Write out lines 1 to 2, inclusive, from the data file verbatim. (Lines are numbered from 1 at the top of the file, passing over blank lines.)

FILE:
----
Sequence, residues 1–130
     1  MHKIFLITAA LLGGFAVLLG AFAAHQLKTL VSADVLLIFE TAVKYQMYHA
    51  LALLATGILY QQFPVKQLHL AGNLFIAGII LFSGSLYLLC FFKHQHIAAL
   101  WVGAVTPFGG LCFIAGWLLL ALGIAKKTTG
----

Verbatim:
Sequence, residues 1–130
     1  MHKIFLITAA LLGGFAVLLG AFAAHQLKTL VSADVLLIFE TAVKYQMYHA